Saturday, September 27, 2014
The Berkshire Anthology 1972
The Bog Lady photo by William Kadell
The Berkshire Anthology published by The Bookstore Press, 1972
In the days of wine and roses -- or was it bog ladies and bees? -- there was poetry coming out of the trees. People spoke it on the streets and on the phone and you couldn't go anywhere without Poetry happening. Aram Saroyan's whole book of poems, Pages, was read aloud by Edwin Newman on the 6 O'clock News. Think of that -- a book of poems read aloud to millions!
It was 1972 and a lot of that 1960s magic was still going on. In fact, the early seventies was still the 60s, if you know what I mean. As an editor I was amazed the how poets came out of nowhere and just as fast zippered themselves back into oblivion. It was one great hallelujah rebellion. The backdrop was the Vietnam War. Stage front: the Beatles, the Stones, Dylan. And all of these guys wrote Poetry.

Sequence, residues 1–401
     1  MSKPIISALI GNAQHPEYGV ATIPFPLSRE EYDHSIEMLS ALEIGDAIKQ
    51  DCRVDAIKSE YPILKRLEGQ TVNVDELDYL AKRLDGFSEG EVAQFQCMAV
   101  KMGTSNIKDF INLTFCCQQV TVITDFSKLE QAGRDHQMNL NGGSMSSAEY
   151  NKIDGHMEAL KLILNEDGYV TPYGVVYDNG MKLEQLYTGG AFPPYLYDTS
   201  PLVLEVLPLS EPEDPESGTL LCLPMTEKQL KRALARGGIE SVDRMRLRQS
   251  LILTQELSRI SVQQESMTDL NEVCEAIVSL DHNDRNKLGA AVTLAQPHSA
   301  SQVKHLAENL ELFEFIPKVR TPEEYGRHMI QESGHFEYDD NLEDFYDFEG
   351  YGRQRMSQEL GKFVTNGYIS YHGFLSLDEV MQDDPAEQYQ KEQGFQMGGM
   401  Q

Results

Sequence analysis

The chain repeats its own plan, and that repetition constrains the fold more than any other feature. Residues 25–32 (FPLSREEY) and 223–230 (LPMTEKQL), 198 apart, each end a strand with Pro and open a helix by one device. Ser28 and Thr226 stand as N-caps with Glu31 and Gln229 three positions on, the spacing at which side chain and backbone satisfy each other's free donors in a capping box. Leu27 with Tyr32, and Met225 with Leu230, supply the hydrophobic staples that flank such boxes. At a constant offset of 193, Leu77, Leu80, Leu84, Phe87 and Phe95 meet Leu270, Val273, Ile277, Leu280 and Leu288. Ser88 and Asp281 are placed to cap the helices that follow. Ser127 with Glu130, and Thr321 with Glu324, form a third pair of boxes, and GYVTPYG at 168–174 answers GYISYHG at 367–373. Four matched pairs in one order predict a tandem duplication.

The Berkshire Anthology celebrated this mad spirit of reinvention -- the Gilded Age meets Godzilla. The Pre-Raphaelites crash into Middle America. It was anything you want to name that was crazy and pretty and wore bangs and shoulder length hair and loved -- here it comes again -- Poetry.
Here is a poem I will always remember:
FOR THE DEATH OF AMBROSE, MY PUMPKIN
Ambrose, you're dead.
covered with mold, your sides cracked,
spitting black seeds.
I've been waking at 4 a.m., your
fumes were the center
of these tortured weeks.
How could you do it to me?
Remember how we used to ride around together,
looking at the bombed out gas stations?
The kid I didn't have, whom I named you after?
The nights I stroked your bumpty sides,
thinking of another orange-hued lover?
I haven't paid much attention lately but
the pain it gives me
to abandon you to waste basket history,
never to be caressed
by cleaning ladies.